10. General Secretary Jiang Zemin and Premier Li Peng on family planning.

    Science.gov (United States)

    Jiang, Z; Li, P

    1991-06-01

    Speeches given by General Secretary Jiang Zemin and Premier Li Peng to the forum on Family Planning (FP) Work in April 1991 are summarized. Jiang stated that the highest levels of communist party and governmental officials should be in charge of controlling population growth in China. There is great urgency to do so. The problems to be faced are a hugh population, scarce arable land, a poor economic foundation, and low per capita resources. Human resources are an asset for the socialist construction of China, but a rapid growth rate will retard economic and social development and affect the improvement in living standards and the quality of life. The strategy to place FP within state policy and place strict controls over population growth must be carried out resolutely. The future of socialism and the Chinese nation is at stake. Modernization cannot be accomplished with out controlling population growths. The 8th 5 year Plan and the 10 Year Program requirements will still contribute to 1.3 billion population by 2000 and 1.2 billion by 1995. There is historical responsibility, an urgency to strictly control population growth. Adherence to the 4 cardinal principles of socialism (the people's democratic dictatorship, the Communist Party leadership, and Marxist Leninist and Mao Zedong thought) must coexist with social development and family planning. All must be motivated. The provincial Party Secretary personally must oversee problems. The success or failure of FP should be used to evaluate the achievements of party committees and governments. The education on basic national conditions and the basic state policy on FP needs to be publicized through all organizations. There should be confidence in the masses. People must make FP their own cause voluntarily. Premier Li Peng stressed effective implementation and giving it high priority in order to achieve the 2nd step strategic goal of socialist modernization. Per capita output is low, and grain output will not increase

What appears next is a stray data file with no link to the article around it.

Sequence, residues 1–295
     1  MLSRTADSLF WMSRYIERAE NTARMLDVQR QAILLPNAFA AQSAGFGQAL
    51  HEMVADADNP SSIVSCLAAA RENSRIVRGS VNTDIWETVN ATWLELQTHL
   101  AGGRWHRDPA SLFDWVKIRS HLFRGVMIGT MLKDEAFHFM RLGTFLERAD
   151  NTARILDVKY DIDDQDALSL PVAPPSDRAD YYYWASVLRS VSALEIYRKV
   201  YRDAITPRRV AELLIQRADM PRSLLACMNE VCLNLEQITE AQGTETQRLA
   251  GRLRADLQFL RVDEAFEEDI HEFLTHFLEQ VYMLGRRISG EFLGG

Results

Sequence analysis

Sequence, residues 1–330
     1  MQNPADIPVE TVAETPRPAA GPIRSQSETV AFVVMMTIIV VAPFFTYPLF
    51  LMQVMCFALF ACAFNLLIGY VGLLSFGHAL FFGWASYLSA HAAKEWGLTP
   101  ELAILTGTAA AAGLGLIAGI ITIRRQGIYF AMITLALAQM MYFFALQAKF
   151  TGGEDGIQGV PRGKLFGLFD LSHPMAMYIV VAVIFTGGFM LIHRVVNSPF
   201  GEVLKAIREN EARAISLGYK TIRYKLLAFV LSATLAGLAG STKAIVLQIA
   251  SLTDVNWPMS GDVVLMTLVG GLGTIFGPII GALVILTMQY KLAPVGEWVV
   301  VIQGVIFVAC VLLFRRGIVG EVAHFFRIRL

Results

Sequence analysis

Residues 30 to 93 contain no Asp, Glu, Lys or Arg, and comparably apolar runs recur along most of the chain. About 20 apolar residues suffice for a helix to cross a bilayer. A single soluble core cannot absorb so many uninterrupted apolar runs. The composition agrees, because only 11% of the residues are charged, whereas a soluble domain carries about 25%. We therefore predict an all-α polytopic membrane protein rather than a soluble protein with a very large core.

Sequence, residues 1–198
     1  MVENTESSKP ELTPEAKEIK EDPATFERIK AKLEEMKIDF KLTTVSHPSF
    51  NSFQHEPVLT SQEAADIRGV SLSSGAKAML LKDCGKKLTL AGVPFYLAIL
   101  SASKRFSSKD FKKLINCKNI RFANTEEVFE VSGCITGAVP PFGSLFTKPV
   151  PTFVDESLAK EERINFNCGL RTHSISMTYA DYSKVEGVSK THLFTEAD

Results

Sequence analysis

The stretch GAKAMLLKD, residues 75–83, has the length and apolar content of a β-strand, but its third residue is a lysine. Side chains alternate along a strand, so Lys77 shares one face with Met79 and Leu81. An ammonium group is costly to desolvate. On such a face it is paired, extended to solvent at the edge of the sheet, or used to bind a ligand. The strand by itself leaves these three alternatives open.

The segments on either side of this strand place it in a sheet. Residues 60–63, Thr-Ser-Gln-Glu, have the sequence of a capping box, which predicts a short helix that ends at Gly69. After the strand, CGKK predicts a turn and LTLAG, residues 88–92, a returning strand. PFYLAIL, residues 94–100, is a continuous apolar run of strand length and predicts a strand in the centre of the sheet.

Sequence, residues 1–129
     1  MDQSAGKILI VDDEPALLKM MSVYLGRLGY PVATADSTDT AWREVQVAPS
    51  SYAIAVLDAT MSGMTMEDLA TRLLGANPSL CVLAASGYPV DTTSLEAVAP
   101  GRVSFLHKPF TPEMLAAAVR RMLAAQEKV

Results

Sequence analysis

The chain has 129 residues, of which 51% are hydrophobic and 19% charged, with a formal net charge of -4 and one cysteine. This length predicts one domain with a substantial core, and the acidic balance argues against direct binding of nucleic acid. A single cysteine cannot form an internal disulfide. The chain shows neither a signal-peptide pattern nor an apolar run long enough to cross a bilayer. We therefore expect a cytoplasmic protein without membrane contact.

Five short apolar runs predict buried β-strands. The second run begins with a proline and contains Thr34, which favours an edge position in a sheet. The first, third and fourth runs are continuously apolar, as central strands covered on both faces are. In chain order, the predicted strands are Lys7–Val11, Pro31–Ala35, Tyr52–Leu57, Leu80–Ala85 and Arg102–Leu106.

11. Making the 2007-2010 Action Plan work for women in family medicine in the Asia Pacific

    Directory of Open Access Journals (Sweden)

    Coles Jan

    2010-01-01